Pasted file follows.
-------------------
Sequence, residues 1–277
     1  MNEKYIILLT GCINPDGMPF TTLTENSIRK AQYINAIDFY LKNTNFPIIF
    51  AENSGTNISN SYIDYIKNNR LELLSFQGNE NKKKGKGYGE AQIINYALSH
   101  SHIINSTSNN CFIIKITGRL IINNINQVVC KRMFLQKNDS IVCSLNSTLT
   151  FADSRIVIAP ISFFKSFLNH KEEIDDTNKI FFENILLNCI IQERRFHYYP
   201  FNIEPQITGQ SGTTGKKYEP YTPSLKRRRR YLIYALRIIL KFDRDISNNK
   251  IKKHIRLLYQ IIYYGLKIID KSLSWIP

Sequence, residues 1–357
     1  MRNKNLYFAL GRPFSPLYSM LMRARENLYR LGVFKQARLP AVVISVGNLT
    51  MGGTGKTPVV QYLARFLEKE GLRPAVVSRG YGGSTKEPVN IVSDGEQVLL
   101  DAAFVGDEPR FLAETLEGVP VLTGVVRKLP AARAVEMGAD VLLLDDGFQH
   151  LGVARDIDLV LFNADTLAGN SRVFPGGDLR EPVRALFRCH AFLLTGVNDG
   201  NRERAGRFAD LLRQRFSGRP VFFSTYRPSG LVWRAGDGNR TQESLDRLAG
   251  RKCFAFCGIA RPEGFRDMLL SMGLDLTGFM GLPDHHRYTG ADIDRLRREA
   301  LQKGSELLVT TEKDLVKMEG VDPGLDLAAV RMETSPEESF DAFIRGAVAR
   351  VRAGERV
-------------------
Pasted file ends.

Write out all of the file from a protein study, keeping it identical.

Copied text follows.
Sequence, residues 1–277
     1  MNEKYIILLT GCINPDGMPF TTLTENSIRK AQYINAIDFY LKNTNFPIIF
    51  AENSGTNISN SYIDYIKNNR LELLSFQGNE NKKKGKGYGE AQIINYALSH
   101  SHIINSTSNN CFIIKITGRL IINNINQVVC KRMFLQKNDS IVCSLNSTLT
   151  FADSRIVIAP ISFFKSFLNH KEEIDDTNKI FFENILLNCI IQERRFHYYP
   201  FNIEPQITGQ SGTTGKKYEP YTPSLKRRRR YLIYALRIIL KFDRDISNNK
   251  IKKHIRLLYQ IIYYGLKIID KSLSWIP

Sequence, residues 1–357
     1  MRNKNLYFAL GRPFSPLYSM LMRARENLYR LGVFKQARLP AVVISVGNLT
    51  MGGTGKTPVV QYLARFLEKE GLRPAVVSRG YGGSTKEPVN IVSDGEQVLL
   101  DAAFVGDEPR FLAETLEGVP VLTGVVRKLP AARAVEMGAD VLLLDDGFQH
   151  LGVARDIDLV LFNADTLAGN SRVFPGGDLR EPVRALFRCH AFLLTGVNDG
   201  NRERAGRFAD LLRQRFSGRP VFFSTYRPSG LVWRAGDGNR TQESLDRLAG
   251  RKCFAFCGIA RPEGFRDMLL SMGLDLTGFM GLPDHHRYTG ADIDRLRREA
   301  LQKGSELLVT TEKDLVKMEG VDPGLDLAAV RMETSPEESF DAFIRGAVAR
   351  VRAGERV